Tooth decay is caused by bacteria, which live on the surface of the teeth in the form of dental plaque. Certain foods, such as sugars and acids, can speed up tooth decay. Let’s take a look at the process of tooth decay in more detail to understand the factors that contribute to it.
Dental plaque is a soft film that forms on the surfaces of teeth. Plaque is composed of colonies of bacteria, which feed on sugars in the foods you eat and produce waste products that gradually wear through the teeth’s protective enamel coating. Holes in the enamel are known as dental cavities; they need to be filled as soon as possible to prevent the decay spreading through to the root of the tooth. Root decay is often painful and can mean that the tooth needs to be removed.
You can remove dental plaque by brushing your teeth thoroughly every day. However, plaque that is left in place hardens into tartar, which is harder to remove. Visit your dentist to have the tartar removed professionally in order to prevent tooth decay and gum disease.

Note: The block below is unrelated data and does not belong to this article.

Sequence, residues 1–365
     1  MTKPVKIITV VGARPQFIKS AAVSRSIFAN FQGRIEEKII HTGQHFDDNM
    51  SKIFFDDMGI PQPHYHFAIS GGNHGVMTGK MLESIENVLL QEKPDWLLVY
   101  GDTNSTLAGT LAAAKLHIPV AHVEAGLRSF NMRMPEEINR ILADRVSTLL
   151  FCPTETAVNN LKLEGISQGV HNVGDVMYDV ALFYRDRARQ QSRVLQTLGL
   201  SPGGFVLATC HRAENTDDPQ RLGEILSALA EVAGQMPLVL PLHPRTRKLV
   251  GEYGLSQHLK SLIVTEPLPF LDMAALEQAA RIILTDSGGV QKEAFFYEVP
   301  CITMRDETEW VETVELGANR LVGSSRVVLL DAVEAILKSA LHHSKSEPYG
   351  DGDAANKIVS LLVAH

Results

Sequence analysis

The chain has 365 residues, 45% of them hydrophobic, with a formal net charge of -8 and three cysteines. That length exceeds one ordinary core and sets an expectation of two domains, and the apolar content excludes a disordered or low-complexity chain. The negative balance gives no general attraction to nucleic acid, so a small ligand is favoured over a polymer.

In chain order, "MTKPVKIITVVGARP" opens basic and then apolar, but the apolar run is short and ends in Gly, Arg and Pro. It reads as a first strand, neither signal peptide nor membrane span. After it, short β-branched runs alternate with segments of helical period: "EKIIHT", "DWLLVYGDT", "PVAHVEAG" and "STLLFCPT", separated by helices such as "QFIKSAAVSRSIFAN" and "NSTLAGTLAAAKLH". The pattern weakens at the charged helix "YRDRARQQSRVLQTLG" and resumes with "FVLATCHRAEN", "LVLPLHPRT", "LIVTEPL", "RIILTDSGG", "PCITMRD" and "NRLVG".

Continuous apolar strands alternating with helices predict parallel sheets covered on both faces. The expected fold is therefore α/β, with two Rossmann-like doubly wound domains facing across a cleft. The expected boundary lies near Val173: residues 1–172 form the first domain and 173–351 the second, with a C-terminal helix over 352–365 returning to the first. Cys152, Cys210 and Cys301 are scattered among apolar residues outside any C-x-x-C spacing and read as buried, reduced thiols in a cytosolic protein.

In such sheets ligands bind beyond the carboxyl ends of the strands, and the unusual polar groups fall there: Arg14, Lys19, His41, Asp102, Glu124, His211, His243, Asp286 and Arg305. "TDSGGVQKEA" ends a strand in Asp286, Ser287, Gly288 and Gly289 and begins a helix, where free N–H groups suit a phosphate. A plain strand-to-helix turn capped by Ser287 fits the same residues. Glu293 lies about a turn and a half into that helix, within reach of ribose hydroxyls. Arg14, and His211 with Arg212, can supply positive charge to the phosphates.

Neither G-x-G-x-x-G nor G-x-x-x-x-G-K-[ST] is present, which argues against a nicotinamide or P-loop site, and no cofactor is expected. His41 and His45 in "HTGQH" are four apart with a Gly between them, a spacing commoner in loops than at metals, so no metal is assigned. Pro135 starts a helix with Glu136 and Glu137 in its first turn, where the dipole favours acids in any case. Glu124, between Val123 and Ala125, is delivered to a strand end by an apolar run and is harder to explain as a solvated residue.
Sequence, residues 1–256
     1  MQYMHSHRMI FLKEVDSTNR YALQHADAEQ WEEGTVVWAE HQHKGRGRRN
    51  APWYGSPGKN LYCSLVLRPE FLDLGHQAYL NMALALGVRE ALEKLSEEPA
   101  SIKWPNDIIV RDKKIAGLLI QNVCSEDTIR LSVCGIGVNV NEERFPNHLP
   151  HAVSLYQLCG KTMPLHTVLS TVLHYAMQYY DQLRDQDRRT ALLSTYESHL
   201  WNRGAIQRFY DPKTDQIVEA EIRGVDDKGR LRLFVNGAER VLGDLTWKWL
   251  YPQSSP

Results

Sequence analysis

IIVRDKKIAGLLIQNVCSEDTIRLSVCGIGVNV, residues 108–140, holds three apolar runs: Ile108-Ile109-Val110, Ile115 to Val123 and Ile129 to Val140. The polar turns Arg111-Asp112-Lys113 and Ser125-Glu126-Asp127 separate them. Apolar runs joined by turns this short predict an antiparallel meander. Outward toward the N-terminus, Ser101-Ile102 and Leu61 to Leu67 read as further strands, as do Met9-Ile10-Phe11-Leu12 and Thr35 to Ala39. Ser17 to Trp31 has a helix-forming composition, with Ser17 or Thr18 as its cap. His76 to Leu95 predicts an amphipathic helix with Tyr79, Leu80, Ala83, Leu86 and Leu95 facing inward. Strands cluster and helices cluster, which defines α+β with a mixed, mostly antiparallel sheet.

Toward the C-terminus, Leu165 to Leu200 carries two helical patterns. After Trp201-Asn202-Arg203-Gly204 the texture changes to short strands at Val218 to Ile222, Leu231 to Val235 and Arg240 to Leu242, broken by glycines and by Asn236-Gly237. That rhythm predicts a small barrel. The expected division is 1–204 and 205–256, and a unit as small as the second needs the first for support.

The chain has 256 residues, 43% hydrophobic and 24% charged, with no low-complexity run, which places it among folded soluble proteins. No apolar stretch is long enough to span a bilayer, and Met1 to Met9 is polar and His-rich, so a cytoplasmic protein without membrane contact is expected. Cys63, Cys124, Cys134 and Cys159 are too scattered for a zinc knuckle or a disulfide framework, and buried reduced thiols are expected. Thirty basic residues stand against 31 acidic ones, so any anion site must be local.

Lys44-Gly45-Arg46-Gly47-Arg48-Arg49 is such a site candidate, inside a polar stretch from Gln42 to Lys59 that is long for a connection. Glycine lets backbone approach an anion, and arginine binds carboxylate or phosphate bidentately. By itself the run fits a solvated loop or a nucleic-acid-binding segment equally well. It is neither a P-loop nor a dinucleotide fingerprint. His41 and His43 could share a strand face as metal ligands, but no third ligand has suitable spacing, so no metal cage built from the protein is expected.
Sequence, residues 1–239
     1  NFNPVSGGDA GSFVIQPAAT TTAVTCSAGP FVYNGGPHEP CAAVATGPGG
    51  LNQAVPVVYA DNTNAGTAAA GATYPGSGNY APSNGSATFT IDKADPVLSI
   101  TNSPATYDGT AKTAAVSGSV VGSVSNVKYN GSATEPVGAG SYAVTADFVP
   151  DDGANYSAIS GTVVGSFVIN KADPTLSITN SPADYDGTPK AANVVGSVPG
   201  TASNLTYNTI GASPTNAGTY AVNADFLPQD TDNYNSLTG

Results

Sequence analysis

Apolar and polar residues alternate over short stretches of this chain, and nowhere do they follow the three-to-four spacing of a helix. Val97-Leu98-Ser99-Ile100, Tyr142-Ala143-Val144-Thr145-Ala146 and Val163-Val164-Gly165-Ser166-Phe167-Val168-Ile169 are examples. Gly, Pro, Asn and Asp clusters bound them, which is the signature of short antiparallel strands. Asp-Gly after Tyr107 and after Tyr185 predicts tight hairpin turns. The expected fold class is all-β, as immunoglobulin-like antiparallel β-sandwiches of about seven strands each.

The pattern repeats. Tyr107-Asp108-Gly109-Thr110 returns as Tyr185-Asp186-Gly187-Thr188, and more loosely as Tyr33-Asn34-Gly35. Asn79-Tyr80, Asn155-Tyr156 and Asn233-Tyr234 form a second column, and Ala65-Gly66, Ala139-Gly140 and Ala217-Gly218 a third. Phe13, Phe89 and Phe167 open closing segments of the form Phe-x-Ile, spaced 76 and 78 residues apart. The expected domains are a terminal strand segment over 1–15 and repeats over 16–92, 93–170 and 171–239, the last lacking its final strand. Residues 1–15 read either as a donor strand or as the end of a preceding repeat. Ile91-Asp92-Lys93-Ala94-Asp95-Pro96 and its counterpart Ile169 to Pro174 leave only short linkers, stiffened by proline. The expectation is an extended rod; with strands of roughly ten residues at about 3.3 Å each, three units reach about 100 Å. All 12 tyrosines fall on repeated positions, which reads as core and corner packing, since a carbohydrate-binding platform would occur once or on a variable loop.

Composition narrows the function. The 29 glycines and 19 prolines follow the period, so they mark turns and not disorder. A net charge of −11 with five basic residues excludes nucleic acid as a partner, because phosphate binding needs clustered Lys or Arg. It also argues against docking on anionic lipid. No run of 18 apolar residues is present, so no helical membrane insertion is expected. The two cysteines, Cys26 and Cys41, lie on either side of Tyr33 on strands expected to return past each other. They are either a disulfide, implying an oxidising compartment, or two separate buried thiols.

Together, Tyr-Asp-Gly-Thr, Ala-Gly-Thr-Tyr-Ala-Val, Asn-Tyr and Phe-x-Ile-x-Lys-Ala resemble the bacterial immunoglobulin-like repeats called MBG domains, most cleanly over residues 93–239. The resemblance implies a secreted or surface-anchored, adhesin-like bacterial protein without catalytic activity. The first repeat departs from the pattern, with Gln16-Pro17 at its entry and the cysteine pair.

Diet can play an important role in tooth decay. Acids can dissolve the enamel that protects the teeth and speed up the process of decay. Citrus fruits and tomatoes are quite acidic, but the most dangerous dietary sources of acid are soft drinks such as colas, which contain high levels of phosphoric and citric acids.
The bacteria that are the root cause of tooth decay consume sugar. Every time you eat sweets or drink sugary beverages you feed the bacteria that live in your mouth, which is why dentists recommend that you limit your consumption of these sugars. However, it is not only refined glucose that you need to consider: oral bacteria can also feed on fruit sugars, lactose in dairy products, and more complex carbohydrates which are broken down to simple sugars by enzymes in saliva. If you do eat something sugary or high in carbohydrates, clean your teeth soon afterwards to brush away the bacteria.
Cleaning your teeth regularly with fluoride toothpaste can help to fight against the root cause of tooth decay: the bacteria in your mouth. Because it is very difficult to completely eradicate dental plaque, you should also see your dentist regularly so that cavities can be filled and stubborn tartar removed.